Six years of (R) bare House control and two years of 55-45 Senate control. Perhaps you remember that upon the Bush election they declared war on the (R)’s and that is why you see those changes with (I) members caucusing with (D)’s and assuming control on the 50-50 split, Daschle demanding power sharing and other tricks to gum up the works.

      And since you are apparently based down in the District of Criminals you are probably aware that (R) Senate control is pure (R)epublicrat with perhaps 10 members considered (R)epublican in the Jeffersonian sense. There would need to be at least 60 (R) to get anything done but even then the bulk of them would be (R)epublicrats so perhaps with 70 there might be fiscal order.

      What you can lean from that chart is that there is only one period of pure control, 2007-2011, four years total and two of them with a Communist President rubber stamp. If you want I’ll bet Steve can mark January 2009 on that chart to complement the January 2007 already indicated. Then his point will make sense to you?

      Sources: Senate, House

  3. chuck725 says:

    DC “the land of unicorns and gumdrops” isnt exactly representative of the rest of the country Andy. Maybe you should venture out of that ridiculous town every once in a while. The blame bush card doesn’t work anymore. You should educate yourself on the housing bubble and follow that back in time .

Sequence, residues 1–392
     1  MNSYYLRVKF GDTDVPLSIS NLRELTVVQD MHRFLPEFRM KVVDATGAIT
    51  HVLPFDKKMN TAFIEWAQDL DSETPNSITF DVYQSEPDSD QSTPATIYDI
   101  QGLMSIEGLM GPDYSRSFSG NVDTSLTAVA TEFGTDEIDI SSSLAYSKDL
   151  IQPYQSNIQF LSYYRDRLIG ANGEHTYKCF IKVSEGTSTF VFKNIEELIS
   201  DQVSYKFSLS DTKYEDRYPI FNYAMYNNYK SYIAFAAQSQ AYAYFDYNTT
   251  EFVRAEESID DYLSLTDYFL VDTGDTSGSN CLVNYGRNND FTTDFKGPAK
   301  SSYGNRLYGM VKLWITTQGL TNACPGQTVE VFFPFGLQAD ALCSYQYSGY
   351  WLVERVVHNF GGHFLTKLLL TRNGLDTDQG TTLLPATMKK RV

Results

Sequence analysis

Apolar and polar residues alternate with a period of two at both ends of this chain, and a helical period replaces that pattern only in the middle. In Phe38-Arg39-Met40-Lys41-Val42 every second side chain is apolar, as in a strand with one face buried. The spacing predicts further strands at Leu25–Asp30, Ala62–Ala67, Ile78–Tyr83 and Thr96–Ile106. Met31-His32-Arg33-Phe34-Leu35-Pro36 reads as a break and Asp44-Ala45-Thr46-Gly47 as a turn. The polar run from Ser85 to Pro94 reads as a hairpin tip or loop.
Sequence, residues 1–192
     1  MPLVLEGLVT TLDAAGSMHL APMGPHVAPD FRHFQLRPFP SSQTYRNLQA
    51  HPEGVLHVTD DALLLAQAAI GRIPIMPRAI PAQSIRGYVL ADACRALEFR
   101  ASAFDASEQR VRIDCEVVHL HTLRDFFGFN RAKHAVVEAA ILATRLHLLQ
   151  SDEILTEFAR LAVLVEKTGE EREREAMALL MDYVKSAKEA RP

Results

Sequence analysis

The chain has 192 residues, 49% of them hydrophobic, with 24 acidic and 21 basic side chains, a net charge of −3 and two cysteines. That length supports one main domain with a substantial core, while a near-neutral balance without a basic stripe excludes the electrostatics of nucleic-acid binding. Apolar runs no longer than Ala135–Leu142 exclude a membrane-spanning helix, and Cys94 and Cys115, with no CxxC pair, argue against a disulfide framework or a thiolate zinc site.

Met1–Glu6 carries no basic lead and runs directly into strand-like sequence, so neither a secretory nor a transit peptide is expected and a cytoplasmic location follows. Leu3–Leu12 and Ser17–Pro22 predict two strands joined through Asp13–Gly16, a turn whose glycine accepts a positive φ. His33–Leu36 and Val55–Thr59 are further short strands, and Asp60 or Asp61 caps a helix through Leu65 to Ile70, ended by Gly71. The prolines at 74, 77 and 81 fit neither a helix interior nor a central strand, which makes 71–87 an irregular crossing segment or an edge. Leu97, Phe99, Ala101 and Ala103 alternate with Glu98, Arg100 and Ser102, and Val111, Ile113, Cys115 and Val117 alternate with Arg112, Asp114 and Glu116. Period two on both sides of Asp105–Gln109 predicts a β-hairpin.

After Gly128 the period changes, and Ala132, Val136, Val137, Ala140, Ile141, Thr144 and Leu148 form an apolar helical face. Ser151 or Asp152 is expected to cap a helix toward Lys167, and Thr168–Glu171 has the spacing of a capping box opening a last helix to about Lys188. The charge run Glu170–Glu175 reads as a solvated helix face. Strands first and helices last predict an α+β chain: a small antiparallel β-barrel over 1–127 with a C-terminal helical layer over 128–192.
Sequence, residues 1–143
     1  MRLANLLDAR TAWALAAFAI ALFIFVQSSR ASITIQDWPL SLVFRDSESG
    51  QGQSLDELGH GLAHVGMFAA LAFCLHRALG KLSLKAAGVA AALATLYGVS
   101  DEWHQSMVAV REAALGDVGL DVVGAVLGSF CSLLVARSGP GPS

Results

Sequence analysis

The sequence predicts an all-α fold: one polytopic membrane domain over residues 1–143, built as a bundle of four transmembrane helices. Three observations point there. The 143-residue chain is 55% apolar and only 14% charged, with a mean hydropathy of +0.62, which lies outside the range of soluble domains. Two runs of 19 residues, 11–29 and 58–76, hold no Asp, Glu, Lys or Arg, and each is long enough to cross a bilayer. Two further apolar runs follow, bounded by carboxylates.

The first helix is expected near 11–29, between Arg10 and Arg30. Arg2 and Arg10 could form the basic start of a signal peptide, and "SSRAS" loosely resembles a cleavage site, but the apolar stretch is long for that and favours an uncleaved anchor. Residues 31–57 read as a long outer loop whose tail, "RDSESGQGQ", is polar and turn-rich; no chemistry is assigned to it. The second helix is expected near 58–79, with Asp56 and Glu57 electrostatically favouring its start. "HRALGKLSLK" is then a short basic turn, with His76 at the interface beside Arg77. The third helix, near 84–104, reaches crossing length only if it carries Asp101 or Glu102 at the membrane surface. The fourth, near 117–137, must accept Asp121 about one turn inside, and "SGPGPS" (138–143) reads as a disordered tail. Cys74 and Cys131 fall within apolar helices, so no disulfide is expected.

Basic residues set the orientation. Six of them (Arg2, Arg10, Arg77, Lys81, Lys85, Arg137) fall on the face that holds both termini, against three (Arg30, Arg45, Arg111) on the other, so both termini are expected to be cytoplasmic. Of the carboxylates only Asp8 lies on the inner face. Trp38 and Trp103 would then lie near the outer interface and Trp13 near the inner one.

4. Have you been using Mannian Statistics, Steve?

    It looks a bit Hockey Stickish!

  5. Andy DC says:

    I don’t disagree that Obama sucks. The Deomocrats are a disaster. The chart is what it is. But to say that Republicans are blameless with respect to ecionomy is simply not true. The deficits exploded under Reagan and both Bushes. The 2nd Bush had a Republican congress the first 6 years, could have implemented whatever they wanted and that did not stop surpluses from becoming big deficits. The country under both parties have been proping up the economy with red ink for 30 years.